January 30, 2009

Dr. Ole Danbolt Mjos
Chairman, Nobel Peace Prize Committee
Drammensveien 19
N-0255 Oslo

Dear Dr. Mjos:

We write to nominate Dr. Nguyen Dan Que for the 2009 Nobel Peace Prize.

Dr. Que is a courageous lifelong campaigner for human rights and democracy in Vietnam, and he has been fearless in campaigning for the full application of the Universal Declaration of Human Rights to all people. His selfless actions in pursuit of a peaceful transition to democracy in Vietnam have brought him great personal hardship and political retaliation for three decades. He would be an extremely worthy recipient in line with the many esteemed laureates of the prestigious Nobel Peace Prize.

Born in Hanoi, Dr. Que studied medicine and became a physician in Saigon. When war engulfed his country and his family fled in 1975, he refused to leave, deciding to stay and help rebuild his country after decades of war. He established a successful medical practice in Ho Chi Minh City and was outspoken in defense of better medical care and universal human rights for all. When he challenged the government’s policy of selective treatment for Communist Party members while neglecting the health problems of the poor, he was removed as director of the Medical Department of Cho Ray Hospital.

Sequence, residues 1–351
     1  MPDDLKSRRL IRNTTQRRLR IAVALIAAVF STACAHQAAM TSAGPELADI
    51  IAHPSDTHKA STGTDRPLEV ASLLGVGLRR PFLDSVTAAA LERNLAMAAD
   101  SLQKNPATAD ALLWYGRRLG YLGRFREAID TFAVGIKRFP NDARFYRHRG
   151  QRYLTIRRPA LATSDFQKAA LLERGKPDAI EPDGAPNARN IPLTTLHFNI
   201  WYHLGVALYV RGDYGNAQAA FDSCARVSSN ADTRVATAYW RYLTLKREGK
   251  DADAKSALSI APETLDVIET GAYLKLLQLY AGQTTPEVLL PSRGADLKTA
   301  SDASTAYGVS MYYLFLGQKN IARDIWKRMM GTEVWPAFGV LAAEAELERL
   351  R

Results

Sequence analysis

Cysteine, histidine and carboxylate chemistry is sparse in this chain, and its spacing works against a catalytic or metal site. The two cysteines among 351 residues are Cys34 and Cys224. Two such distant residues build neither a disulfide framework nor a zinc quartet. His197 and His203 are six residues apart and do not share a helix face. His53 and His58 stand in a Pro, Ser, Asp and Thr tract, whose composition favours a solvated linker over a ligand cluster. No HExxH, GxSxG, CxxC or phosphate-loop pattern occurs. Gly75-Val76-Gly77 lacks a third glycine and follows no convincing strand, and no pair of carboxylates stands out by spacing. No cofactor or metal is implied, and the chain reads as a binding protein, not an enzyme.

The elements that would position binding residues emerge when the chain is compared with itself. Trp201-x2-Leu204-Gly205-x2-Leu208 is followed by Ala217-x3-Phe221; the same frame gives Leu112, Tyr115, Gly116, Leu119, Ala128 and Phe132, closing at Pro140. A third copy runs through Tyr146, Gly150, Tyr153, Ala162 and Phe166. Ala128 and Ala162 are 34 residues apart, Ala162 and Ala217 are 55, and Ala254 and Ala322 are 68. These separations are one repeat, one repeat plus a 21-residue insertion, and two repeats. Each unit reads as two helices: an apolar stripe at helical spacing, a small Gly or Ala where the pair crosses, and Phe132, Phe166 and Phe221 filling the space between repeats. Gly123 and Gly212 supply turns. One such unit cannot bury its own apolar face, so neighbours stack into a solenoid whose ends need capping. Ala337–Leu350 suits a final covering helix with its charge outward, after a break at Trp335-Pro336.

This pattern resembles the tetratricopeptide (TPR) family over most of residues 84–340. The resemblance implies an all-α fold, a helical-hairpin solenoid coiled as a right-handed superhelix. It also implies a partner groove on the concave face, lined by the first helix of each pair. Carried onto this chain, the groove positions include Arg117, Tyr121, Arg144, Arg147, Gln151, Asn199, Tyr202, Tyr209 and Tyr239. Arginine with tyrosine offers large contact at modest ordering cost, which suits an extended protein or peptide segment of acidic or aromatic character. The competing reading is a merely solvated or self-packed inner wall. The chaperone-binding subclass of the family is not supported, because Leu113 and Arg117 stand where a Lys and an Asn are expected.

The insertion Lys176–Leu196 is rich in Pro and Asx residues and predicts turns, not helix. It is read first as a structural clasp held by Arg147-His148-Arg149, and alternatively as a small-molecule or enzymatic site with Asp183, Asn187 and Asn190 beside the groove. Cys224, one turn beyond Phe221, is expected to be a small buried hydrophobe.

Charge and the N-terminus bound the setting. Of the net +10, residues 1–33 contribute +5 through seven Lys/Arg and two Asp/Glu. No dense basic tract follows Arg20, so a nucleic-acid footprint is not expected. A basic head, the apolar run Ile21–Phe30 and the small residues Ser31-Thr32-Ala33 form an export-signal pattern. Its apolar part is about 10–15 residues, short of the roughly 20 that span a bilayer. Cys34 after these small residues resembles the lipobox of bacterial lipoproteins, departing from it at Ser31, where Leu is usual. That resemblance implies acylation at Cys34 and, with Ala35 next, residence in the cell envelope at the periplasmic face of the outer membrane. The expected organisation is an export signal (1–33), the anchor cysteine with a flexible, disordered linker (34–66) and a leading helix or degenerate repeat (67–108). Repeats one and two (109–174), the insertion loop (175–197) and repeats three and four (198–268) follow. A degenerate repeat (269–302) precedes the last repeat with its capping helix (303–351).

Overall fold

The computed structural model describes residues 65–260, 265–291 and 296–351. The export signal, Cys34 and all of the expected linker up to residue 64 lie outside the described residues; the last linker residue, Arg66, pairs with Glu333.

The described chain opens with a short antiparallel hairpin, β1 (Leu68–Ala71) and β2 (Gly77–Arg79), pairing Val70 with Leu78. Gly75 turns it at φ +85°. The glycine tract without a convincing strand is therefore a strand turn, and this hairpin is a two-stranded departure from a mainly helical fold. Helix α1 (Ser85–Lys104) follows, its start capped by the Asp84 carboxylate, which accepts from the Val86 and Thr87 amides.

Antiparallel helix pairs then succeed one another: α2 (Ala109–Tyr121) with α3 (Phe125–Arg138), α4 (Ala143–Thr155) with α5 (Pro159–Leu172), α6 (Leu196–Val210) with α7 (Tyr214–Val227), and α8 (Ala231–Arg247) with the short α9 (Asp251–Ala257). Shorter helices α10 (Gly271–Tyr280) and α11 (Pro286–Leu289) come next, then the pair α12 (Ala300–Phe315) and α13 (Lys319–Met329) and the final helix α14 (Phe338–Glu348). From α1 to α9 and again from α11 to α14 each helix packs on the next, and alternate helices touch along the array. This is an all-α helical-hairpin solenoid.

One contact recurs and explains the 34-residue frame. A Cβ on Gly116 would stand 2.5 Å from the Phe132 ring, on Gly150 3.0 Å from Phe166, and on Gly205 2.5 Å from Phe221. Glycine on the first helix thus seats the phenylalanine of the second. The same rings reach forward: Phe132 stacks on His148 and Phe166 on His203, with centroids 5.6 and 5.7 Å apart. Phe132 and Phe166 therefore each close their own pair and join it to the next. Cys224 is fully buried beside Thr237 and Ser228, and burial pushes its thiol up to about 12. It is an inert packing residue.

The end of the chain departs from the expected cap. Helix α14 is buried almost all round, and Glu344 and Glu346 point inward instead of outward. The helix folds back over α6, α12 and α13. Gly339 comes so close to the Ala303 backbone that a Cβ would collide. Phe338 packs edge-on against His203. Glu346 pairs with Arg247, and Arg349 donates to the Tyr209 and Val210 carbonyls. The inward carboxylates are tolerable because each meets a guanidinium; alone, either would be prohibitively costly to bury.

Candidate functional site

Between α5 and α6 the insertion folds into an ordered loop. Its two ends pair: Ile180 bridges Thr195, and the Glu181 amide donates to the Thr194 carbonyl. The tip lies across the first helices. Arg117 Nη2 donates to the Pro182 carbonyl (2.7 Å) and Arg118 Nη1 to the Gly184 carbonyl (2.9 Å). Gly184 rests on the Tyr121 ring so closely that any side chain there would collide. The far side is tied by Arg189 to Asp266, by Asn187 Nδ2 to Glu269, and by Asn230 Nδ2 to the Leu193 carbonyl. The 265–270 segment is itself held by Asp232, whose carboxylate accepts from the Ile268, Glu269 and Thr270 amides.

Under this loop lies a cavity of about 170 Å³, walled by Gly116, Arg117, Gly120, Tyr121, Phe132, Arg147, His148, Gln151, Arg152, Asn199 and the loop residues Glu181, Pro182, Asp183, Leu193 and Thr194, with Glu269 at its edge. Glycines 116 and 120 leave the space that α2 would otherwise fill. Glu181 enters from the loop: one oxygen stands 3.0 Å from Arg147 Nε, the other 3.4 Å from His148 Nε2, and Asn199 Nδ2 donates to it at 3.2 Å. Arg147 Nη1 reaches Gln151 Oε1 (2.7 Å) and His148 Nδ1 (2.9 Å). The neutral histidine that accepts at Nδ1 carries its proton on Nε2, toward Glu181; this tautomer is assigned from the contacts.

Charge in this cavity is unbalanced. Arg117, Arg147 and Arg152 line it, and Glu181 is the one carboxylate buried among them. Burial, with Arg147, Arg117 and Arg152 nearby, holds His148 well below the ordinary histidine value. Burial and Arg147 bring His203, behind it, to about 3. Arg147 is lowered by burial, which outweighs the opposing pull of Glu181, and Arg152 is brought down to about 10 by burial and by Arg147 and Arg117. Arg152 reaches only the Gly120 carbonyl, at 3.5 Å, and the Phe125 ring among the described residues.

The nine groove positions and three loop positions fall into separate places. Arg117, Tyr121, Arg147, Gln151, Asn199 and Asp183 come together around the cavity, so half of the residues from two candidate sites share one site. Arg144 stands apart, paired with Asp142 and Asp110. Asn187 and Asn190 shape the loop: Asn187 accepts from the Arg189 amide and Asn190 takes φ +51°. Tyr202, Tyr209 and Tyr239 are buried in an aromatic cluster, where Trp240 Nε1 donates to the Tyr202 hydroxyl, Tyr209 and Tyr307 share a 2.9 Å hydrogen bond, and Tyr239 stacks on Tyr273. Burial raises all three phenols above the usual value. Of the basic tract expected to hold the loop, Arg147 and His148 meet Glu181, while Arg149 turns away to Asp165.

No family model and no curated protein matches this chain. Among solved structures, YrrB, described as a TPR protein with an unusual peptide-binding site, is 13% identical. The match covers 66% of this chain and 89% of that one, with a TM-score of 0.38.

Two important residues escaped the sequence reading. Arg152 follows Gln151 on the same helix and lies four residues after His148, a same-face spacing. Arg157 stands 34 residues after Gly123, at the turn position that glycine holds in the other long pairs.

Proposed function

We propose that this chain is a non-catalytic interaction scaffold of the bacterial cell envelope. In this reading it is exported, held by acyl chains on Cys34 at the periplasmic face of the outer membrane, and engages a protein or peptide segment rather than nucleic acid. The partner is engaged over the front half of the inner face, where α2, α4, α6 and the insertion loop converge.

In 1976, frustrated by the lack of basic human rights in Vietnam, Dr. Que and some friends founded the National Progressive Front. The movement embraced nonviolence and urged the government to “cut down military spending, invest in the welfare of the people, and hold free and fair elections.” In February 1978, the Vietnamese government arrested him for the first time, accusing him and 47 other activists of disloyalty. Dr. Que remained in detention for 10 years, pending formal charges and a trial. During this time, he was tortured, beaten, and put into solitary confinement in chains. He spent two months in a five-by-six-foot cell without sanitary facilities. Due to the intervention of Amnesty International and Human Rights Watch Asia, Dr. Que was released in 1988 in poor health. His story gained him a national reputation as “Si Phu” — a Vietnamese tribute for an intellectual who heroically dedicates his life to the welfare of the people and one’s country.

Undaunted, Dr. Que only increased his calls inside Vietnam for peaceful protest and democracy. On May 11, 1990, Dr. Que founded the Non-Violent Movement for Human Rights, issuing a manifesto that appealed for peaceful activism to demand that the government of Vietnam respect basic human rights and accept multiparty democracy. His manifesto also proposed that the government of Vietnam cease aggression and work for peace in Southeast Asia.

Dr. Que was arrested one month later and imprisoned without trial. He was again tortured and required emergency medical care on several occasions. In November 1991, on very short notice, Dr. Que was brought to trial on charges of trying to overthrow the government. Without being allowed to call witnesses or to have legal representation, he was sentenced to twenty years of hard labor and five years of house arrest.